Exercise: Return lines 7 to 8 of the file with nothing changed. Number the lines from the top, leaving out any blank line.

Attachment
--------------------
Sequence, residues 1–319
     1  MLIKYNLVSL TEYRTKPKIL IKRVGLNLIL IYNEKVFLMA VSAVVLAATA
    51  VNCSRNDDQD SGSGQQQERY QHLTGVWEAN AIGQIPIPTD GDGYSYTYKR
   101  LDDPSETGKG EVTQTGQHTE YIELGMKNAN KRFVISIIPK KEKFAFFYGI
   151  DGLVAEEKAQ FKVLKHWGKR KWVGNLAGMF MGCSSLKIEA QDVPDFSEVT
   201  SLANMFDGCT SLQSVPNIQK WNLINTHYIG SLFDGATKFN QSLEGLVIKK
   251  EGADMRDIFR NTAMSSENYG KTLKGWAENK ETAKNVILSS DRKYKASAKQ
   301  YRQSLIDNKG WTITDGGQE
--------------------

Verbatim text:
   251  EGADMRDIFR NTAMSSENYG KTLKGWAENK ETAKNVILSS DRKYKASAKQ
   301  YRQSLIDNKG WTITDGGQE